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Seven years ago, Dr John Meyer was an undergraduate student, attending lectures given by Professor David Needham. Today, he is a lecturer who has co-authored a monograph with his former tutor that establishes a generic mathematical theory researchers around the world have spent decades trying to clarify.

The monograph, published by Cambridge University Press as part of the London Mathematical Society Lecture Note Series, is an early career triumph for John and the satisfying culmination of 20 years’ work for David.

The Cauchy Problem for Non-Lipschitz Semi-Linear Parabolic Partial Differential Equations is a theory for a class of partial differential equations (PDEs).

‘Specific questions in this area have been studied over the last 30 years. This monograph has unified these specific results into a generic theory,’ explains David, who is Director of Research and Deputy Head of the School of Mathematics.

Reaction-diffusion theory – of which PDEs are part – is a topic that has developed rapidly over the past 30 years, particularly in relation to applications in chemistry and life sciences. Of particular importance is the analysis of singular semi-linear parabolic PDEs.

‘This class of PDEs has had very little treatment to date,’ says David. ‘The generic theory John and I have developed enables us to understand the processes that are modelled by these PDEs.’

Although diverse, all these processes pose evolution problems – in other words, how structures change with time. There are applications in physical chemistry – particularly in combustion problems – and in life sciences, such as the spatial and temporal evolution of populations, the spread of infectious diseases, the propagation of large-scale forest fires and propagation of genetic structures.

‘All of these applications lead to PDEs, which are of semi-linear parabolic type. The interest is in obtaining solutions to this class of PDEs and in particular the qualitative structure of solutions.’

The class of regular semi-linear parabolic PDEs has been well understood for the past 60 years; the class of singular such PDEs far less so, says David.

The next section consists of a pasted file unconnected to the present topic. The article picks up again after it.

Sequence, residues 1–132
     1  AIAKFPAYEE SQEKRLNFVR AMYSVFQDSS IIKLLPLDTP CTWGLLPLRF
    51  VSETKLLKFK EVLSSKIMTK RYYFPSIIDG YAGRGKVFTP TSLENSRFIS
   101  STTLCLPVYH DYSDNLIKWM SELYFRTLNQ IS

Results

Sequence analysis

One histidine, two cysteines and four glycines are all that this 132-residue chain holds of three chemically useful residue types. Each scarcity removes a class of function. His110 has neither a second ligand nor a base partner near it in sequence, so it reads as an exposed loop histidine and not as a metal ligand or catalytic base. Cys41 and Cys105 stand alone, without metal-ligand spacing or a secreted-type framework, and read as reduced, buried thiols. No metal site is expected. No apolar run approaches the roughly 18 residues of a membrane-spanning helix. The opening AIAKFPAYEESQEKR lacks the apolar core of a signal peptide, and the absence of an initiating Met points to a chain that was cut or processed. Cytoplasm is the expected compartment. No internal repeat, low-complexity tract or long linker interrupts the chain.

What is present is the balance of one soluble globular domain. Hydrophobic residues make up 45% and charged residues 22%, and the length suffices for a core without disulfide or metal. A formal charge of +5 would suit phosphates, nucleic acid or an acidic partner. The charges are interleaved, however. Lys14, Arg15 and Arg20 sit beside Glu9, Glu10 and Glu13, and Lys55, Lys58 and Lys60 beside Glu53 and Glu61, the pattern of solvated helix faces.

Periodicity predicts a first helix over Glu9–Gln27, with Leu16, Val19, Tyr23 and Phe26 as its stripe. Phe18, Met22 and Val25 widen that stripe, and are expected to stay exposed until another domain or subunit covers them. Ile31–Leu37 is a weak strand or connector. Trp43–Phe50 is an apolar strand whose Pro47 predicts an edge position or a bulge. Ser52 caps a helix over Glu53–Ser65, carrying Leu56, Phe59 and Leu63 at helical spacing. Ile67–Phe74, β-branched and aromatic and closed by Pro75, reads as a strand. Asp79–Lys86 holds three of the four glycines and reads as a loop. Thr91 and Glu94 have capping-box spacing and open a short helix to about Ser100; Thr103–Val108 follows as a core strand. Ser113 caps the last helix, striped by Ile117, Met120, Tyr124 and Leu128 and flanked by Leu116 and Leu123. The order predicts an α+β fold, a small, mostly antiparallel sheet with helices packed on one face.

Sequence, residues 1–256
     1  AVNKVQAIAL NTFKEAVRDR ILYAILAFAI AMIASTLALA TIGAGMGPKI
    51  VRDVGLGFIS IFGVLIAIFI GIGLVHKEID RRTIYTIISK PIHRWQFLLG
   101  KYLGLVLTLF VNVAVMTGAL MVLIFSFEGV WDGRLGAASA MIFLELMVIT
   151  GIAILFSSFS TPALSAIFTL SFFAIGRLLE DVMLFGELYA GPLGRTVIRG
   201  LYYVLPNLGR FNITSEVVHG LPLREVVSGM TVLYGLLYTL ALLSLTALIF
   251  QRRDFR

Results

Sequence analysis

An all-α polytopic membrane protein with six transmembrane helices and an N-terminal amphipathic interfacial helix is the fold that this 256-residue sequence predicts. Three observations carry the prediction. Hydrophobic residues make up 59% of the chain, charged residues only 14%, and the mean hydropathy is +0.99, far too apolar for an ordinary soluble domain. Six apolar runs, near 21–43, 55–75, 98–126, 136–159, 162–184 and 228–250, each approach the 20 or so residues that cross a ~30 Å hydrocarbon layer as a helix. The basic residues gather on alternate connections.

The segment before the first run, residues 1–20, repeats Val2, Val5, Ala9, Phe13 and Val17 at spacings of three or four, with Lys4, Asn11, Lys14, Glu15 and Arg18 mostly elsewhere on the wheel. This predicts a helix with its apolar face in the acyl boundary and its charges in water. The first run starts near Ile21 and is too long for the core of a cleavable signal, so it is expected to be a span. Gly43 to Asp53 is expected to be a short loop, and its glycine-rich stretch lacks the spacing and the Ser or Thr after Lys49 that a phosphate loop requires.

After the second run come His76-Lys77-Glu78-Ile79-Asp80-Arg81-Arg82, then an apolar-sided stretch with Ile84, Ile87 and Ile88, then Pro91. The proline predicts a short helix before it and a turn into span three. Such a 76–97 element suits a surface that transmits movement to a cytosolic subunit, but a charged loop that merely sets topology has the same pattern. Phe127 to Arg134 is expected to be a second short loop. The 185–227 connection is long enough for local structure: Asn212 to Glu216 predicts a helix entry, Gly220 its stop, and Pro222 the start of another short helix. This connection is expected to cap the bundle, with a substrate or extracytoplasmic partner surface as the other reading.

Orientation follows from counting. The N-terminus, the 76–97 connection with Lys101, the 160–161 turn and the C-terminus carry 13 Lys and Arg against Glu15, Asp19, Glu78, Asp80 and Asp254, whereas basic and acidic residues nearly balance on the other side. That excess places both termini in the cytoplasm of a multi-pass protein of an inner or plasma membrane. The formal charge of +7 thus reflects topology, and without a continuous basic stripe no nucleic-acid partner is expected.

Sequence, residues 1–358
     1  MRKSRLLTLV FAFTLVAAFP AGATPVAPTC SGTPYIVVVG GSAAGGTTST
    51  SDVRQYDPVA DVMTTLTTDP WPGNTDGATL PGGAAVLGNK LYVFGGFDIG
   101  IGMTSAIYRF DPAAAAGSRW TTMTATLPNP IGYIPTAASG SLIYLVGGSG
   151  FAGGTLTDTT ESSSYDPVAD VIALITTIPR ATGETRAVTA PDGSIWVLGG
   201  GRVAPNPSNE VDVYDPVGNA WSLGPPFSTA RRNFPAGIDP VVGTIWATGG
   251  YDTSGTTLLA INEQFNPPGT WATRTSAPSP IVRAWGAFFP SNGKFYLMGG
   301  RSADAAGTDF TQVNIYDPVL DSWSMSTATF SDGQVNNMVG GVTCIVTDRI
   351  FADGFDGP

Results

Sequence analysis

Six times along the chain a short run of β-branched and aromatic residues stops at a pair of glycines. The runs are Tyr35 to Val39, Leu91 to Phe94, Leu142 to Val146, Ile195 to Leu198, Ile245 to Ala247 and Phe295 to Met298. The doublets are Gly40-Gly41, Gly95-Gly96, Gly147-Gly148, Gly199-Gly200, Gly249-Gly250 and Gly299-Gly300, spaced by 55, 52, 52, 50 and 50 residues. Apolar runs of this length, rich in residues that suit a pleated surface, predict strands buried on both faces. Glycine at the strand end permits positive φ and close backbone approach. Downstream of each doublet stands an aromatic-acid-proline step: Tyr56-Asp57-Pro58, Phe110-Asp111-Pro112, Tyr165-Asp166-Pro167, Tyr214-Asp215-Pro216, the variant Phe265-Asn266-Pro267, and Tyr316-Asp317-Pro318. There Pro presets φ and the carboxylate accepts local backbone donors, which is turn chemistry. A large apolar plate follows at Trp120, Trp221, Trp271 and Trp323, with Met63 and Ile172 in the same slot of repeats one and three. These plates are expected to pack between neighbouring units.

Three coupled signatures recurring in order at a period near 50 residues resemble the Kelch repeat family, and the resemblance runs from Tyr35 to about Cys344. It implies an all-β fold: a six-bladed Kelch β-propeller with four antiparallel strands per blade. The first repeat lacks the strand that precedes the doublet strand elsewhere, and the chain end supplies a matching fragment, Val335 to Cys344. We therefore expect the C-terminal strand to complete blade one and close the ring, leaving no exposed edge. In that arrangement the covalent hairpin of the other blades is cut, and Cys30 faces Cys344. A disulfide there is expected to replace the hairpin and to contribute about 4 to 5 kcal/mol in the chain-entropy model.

‘What we have done is to provide a general theory for the particular class of what are called non-Lipschitz PDEs, which enables all of the models of this class of PDEs to be fully explored.’

Of particular interest is the emergent behaviour after ‘large times’. The theory reveals that there is significant bifurcation (change in structure) in ‘large times’ from that associated with the regular class of semi-linear parabolic PDEs.

‘The development of the theory therefore enables a much broader class of models to be studied and analysed in detail in relation to the application areas we’ve outlined,’ says David. ‘In addition to real-world applications, from a mathematical standpoint the theory provides a significant extension of the classical theory of the semi-linear parabolic PDEs.’

Various attempts at clarification have been made over recent decades, but although these have been successful in particular cases, what David and John have done is to take it a step further and produce a generic theory.

Both men, understandably, are proud to have developed this theory. And their collaboration is ongoing: they are working together in other areas of the same field.

David explains how the collaborative relationship came about. ‘I have been working on specific problems in this area of mathematics for 20 years. John was first introduced to it because he did a course of mine as an undergraduate, and then did a summer internship with me in this area – which highlights that summer internships can have a lot of value. That was seven years ago, and he was very interested and very able. We’ve worked together ever since.’

John, who says the undergraduate course he took of David’s was the ‘most illuminating’ of his first degree, subsequently did a PhD at Birmingham in the same area of mathematics; then became a Research Fellow and is now a Lecturer in Applied Mathematics.

‘Not only has our work together resulted in this monograph and additional papers; we’re still working together in that same broad area, because there’s still a lot more to develop,’ comments David. ‘The work that is the focus of the monograph is a nice general development of a theory almost to completion for a particular class of PDEs, but it’s not a closed book. It has set up a framework and a methodology, providing us with a good chance of answering questions in applied sciences, biomedical sciences and environmental sciences. A good mathematical theory should always have a relevance to serious models that arise in applied sciences.’